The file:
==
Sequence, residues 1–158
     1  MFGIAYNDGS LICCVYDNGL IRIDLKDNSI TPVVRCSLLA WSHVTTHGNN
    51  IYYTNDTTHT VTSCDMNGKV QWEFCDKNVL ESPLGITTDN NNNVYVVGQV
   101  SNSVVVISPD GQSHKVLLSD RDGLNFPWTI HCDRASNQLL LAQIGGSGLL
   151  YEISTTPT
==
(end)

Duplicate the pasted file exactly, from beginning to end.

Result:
Sequence, residues 1–158
     1  MFGIAYNDGS LICCVYDNGL IRIDLKDNSI TPVVRCSLLA WSHVTTHGNN
    51  IYYTNDTTHT VTSCDMNGKV QWEFCDKNVL ESPLGITTDN NNNVYVVGQV
   101  SNSVVVISPD GQSHKVLLSD RDGLNFPWTI HCDRASNQLL LAQIGGSGLL
   151  YEISTTPT